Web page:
Vojvodina in Serbia was granted the status of "autonomous province" in 1945, and this autonomy was extended in 1974. Its autonomous status was effectively rescinded in 1989 by the Serbian autocrat Slobodan Milosevic, then officially reintroduced in 2002, and extended along with changes to the Serbian constitution in 2006 to introduce greater financial autonomy. So far, though, demands by regional politicians such as Nenad Canak for a return to the far-reaching autonomy of 1975 have fallen on deaf ears in Belgrade.
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Secession aspirations as political calculation
The aspirations of Albanian nationalists for the parts of Macedonia and southern Serbia that have large Albanian populations to be united with the motherland and Kosovo to form a "Greater Albania" have come up against a brick wall, not just in Belgrade but in the international community, too. There are fears that redrawing the borders would spark fresh conflicts in a region that has long been marked by ethnic unrest.
Threats of secession are becoming most forceful in Bosnia-Herzegovina. Bosnian Croats, who have until now been forced into a union in a federated state along with the Muslim Bosniaks, are demanding an entity of their own. Meanwhile, Bosnia's Serb leader, Milorad Dodik, has been threatening for years now, for tactical reasons, to hold a referendum on the secession of the federate state of the Republika Srpska (RS). Dodik is being deliberately confrontational: For more than a quarter of a century, stirring up longstanding ethnic tensions has proven to be the most effective way for Bosnia's canny political caste to hold on to power.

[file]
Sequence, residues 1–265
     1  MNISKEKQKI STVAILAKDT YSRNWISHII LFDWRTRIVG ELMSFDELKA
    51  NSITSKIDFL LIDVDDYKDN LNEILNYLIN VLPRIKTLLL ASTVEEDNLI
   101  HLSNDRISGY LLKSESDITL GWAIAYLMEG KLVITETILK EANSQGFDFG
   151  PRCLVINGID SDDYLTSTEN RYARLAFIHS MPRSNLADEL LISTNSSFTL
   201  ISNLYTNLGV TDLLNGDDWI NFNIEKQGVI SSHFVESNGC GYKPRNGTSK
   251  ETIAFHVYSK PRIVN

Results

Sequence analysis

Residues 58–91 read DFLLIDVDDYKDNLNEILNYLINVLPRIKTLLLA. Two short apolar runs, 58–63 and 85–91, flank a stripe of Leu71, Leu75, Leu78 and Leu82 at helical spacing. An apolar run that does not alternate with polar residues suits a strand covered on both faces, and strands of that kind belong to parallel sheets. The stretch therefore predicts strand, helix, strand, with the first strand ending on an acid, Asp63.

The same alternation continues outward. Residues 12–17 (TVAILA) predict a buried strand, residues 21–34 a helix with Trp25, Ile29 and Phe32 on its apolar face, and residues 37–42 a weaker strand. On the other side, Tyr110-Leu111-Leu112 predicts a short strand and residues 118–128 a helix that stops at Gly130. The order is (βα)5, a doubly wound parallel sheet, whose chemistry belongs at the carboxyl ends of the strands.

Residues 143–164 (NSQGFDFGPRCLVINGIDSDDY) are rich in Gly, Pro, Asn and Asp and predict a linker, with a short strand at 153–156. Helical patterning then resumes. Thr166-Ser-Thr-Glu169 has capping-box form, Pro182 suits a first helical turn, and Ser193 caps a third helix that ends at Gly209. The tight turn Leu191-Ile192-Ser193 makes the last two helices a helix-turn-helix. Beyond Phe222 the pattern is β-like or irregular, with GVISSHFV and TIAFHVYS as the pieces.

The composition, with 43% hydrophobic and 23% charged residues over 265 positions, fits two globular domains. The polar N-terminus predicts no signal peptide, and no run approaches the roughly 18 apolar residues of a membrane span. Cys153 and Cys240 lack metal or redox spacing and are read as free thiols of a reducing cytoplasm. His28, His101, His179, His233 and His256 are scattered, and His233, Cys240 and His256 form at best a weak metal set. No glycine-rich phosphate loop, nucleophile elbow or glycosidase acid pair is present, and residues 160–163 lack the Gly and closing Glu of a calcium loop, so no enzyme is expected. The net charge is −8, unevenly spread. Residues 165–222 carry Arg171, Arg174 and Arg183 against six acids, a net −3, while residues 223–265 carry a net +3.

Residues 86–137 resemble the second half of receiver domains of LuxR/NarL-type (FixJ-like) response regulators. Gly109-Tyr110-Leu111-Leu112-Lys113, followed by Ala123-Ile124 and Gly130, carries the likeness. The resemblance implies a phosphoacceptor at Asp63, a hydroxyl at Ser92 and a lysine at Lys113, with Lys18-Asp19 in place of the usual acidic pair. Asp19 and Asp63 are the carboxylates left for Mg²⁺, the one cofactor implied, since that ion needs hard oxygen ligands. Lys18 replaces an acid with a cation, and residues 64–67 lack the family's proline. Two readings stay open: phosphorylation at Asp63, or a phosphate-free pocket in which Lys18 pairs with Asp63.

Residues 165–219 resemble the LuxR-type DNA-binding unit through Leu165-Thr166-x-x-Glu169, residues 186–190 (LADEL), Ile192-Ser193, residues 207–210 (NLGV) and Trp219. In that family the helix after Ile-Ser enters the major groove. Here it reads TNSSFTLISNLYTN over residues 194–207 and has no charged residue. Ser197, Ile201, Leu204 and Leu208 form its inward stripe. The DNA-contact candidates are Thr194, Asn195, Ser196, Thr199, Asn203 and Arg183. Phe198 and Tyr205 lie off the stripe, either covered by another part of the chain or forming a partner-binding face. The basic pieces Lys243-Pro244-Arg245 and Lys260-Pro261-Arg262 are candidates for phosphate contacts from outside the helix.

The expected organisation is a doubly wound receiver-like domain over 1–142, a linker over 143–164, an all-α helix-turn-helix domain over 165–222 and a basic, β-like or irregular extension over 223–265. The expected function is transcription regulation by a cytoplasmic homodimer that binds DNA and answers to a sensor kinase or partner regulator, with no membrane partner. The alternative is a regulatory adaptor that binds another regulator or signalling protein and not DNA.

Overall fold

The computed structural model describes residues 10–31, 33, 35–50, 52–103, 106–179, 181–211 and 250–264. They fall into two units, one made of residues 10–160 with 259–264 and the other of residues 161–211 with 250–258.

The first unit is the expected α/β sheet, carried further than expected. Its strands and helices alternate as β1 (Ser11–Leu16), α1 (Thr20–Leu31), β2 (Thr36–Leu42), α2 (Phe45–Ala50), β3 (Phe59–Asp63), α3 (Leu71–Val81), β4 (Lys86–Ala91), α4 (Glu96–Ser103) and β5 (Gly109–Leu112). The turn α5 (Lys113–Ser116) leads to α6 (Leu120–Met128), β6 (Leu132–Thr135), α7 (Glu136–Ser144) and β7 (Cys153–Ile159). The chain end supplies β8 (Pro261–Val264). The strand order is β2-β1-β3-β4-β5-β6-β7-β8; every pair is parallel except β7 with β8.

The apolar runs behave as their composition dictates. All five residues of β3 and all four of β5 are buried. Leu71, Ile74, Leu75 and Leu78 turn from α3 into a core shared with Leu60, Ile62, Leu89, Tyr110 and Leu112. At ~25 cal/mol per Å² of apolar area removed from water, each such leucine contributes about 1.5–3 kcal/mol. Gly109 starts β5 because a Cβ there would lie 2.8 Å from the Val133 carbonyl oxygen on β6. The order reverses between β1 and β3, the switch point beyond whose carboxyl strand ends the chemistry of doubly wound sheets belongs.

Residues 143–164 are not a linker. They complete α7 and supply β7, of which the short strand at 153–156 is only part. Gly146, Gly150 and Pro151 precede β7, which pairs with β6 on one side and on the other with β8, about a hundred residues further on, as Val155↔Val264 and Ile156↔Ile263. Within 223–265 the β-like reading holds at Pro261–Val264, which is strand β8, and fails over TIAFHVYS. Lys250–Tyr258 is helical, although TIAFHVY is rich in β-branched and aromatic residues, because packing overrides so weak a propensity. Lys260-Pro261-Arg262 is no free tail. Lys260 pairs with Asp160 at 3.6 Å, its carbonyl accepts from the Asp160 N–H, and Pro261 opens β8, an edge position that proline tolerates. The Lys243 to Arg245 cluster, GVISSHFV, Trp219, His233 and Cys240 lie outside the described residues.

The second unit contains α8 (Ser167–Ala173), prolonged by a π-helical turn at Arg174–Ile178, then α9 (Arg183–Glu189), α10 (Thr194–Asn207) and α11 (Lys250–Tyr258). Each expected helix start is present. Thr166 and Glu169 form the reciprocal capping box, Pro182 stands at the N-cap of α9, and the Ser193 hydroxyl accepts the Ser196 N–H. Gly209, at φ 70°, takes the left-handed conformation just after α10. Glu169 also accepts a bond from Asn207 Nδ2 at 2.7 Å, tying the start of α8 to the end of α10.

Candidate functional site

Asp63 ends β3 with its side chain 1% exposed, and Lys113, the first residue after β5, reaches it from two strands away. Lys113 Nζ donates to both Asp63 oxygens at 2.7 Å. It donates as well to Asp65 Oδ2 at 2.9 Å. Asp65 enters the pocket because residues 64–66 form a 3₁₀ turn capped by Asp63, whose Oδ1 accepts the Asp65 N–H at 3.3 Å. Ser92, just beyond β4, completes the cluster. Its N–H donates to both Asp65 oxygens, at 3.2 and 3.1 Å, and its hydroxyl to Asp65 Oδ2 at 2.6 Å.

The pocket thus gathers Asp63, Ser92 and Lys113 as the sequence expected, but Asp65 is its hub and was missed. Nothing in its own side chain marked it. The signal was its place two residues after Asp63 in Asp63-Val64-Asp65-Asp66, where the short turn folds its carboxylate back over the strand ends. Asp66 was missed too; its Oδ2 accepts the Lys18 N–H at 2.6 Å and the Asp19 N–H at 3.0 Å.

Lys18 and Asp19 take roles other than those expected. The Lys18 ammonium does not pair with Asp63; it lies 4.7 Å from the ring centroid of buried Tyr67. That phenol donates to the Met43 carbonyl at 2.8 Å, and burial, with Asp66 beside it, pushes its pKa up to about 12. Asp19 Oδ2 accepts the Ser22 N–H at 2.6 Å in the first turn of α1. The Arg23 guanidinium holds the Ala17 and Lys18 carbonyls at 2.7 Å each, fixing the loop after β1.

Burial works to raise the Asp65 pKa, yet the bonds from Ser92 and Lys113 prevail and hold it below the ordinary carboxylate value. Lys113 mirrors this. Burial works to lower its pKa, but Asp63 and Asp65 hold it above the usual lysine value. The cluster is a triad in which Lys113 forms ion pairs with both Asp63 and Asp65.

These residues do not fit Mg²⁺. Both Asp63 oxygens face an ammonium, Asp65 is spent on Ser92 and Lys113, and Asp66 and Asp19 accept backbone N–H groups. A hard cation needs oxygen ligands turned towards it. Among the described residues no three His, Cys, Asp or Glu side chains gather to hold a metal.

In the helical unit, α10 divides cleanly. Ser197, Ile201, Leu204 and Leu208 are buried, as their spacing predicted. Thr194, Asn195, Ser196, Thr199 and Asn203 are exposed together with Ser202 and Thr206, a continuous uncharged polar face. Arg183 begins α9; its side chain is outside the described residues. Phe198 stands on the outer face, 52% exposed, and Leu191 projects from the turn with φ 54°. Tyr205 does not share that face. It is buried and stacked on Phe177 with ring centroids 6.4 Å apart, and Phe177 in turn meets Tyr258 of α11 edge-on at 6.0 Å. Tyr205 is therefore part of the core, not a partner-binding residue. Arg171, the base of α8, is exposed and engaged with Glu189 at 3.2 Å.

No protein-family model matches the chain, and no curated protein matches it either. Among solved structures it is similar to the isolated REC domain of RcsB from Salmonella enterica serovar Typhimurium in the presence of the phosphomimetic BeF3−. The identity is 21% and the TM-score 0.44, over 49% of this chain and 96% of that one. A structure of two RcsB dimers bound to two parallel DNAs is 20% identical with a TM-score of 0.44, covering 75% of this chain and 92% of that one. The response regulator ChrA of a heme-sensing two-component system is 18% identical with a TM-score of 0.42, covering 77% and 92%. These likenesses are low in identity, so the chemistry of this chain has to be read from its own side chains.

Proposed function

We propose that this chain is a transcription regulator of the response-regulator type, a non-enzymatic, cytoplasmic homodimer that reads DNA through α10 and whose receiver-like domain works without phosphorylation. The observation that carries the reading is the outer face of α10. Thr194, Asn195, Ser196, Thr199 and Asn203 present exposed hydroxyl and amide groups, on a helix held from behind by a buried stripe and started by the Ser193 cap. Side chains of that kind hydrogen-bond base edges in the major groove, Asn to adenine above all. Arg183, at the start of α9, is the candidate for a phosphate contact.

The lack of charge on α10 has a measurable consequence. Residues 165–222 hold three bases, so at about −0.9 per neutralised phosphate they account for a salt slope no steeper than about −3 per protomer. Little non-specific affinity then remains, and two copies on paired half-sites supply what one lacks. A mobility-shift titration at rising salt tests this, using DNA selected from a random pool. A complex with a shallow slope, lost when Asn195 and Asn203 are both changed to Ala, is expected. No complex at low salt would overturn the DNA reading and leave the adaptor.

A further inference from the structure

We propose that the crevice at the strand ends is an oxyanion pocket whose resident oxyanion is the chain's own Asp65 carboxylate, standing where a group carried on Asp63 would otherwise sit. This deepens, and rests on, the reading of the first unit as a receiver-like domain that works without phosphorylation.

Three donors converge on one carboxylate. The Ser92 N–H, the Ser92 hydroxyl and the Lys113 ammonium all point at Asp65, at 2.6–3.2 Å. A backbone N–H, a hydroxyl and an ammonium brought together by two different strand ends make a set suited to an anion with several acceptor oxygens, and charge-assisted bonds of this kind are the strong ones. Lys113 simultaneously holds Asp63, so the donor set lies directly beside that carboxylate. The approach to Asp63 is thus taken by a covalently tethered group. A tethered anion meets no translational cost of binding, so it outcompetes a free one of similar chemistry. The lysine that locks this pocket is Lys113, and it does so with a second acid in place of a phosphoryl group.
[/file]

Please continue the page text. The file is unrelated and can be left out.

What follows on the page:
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The separatist centrifugal forces in the political region of ex-Yugoslavia are also being curbed by the privations of their neverending economic transformation. Economically, at least, the independence they fought for – or had to, involuntarily, accept – has not so far brought the successor states the better times they hoped for.
Today, only the Slovenes can boast a markedly higher standard of living than in the Yugoslav era. Even Croatia, now an EU member state, is plagued with high youth unemployment and a fresh exodus of guest workers. Poverty, unemployment and emigration are still trumps, even in the jaded EU waiting room. EU candidate countries Macedonia, Montenegro and Serbia are indefinitely on hold; the only thing that keeps them going is the faint hope of better days to come.
For Bosnia-Herzegovina, which persists in blocking itself, even EU candidate status seems light years away. The prospects for Kosovo, the poorhouse of Europe, are also bleak. These days, even Georgians, Moldavians and Ukrainians can travel to the Schengen countries without a visa; Kosovars, on the other hand, still have to spend hours queuing up outside consulates. Belgrade continues to block their fledgling state at every turn, and its independence, celebrated so enthusiastically in 2008, has proven to be little more than a miserable extension of the endless postwar era.